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'Twilight Zone' Defense Seeks Misconduct Investigation

September 18, 1986|From Associated Press

A defense attorney in the "Twilight Zone" manslaughter trial asked California Atty. Gen. John Van de Kamp on Wednesday to investigate alleged prosecutorial misconduct in the tumultuous case.

Harland Braun said he made the move after the Los Angeles County district attorney's office blocked a planned defense interview with one of two prosecutors feuding over the credibility of a witness.

"We had set up an interview for today (Wednesday) with Gary Kesselman (the former 'Twilight Zone' prosecutor)," Braun said. "But Gary Kesselman was threatened, and he decided he shouldn't do it."

Braun said the district attorney's office blocked the interview.

"What are they afraid of?" Braun asked. "It makes me suspicious that Kesselman knows more than any of us know."

Kesselman stepped out of the "Twilight Zone" case last year and Deputy Dist. Atty. Lea Purwin D'Agostino took over the case.

Director John Landis and four others are charged with involuntary manslaughter in the 1982 accident on a set of "Twilight Zone: The Movie," which killed actor Vic Morrow and two children.

The trial has been punctuated by acrimonious hearings outside the jury's presence concerning the truthfulness of the first prosecution witness, Donna Schuman. Kesselman disputed her account of her dealings with him while D'Agostino sided with the witness in the credibility contest.

D'Agostino declined comment on Braun's letter Wednesday, saying she had not yet seen it.

In a separate action, Braun said he was subpoenaing Los Angeles County Dist. Atty. Ira Reiner, Kesselman, Chief Deputy Dist. Atty. Gilbert Garcetti and D'Agostino's immediate supervisor, Richard Hecht, to testify at a hearing when the trial resumes Monday.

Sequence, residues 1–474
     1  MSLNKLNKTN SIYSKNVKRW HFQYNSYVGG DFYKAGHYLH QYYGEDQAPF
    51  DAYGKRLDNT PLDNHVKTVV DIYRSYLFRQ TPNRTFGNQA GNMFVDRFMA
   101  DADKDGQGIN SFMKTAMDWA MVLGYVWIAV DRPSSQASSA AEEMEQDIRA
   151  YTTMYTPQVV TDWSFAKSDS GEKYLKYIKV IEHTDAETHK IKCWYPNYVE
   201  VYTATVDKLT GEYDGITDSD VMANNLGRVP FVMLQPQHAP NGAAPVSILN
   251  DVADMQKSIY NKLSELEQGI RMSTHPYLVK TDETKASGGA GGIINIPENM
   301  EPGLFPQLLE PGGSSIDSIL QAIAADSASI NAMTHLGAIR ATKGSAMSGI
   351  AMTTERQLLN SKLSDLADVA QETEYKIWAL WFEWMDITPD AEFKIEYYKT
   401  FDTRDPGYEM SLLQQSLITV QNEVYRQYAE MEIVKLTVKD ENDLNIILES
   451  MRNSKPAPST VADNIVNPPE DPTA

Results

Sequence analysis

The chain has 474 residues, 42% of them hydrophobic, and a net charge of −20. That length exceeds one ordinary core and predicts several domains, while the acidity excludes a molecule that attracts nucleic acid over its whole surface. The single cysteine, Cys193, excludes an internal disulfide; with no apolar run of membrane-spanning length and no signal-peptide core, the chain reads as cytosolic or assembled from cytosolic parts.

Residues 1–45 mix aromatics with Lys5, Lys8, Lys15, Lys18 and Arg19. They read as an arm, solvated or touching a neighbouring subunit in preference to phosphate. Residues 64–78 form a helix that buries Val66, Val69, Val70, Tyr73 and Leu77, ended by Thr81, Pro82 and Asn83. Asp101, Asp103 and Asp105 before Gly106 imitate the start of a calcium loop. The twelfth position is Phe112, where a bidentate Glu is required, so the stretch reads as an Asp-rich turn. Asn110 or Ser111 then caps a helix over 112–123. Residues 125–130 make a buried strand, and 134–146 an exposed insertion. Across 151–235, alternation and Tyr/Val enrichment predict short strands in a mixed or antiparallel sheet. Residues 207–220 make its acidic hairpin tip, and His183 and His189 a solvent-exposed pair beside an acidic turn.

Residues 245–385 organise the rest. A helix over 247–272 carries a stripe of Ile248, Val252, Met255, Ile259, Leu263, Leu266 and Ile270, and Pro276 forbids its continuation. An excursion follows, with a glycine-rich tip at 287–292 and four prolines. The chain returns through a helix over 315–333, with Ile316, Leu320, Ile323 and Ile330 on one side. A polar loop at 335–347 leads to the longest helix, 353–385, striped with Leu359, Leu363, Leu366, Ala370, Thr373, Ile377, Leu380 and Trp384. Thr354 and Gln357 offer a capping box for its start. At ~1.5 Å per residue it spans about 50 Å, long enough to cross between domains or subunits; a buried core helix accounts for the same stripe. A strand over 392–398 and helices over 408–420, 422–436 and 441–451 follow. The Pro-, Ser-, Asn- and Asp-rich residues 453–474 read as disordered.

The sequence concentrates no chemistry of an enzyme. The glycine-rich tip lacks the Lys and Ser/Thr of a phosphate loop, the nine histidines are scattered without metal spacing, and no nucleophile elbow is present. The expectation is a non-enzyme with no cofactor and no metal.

He suggested that the jury would eventually hear about the dispute between the two prosecutors and added: "That's going to be a zoo."

Braun said the defense would argue at the trial's end that Kesselman told the truth and D'Agostino lied.

A spokesman for Reiner declined to comment on the matter Wednesday.

In his letter to Van de Kamp, Braun said, "What is at stake . . . is the integrity of the criminal justice system as well as the public's perception of that system."

The dispute that erupted between Kesselman and D'Agostino centers on Schuman's testimony that defendants Landis and George Folsey spoke of the possibility that they would go to jail for using small children in a film scene featuring explosives.

Schuman mentioned the statements for the first time in her trial testimony, having never mentioned them in front of a grand jury and at a preliminary hearing. On defense questioning, she insisted she had told Kesselman about the comments four years ago but he decided to withhold them from the defense for tactical reasons.

Kesselman, called to the stand, denied he ever heard about the statements and said he never withheld anything. D'Agostino also took the stand and contradicted Kesselman on several points. She suggested that information was withheld from her by her predecessor to sabotage her.

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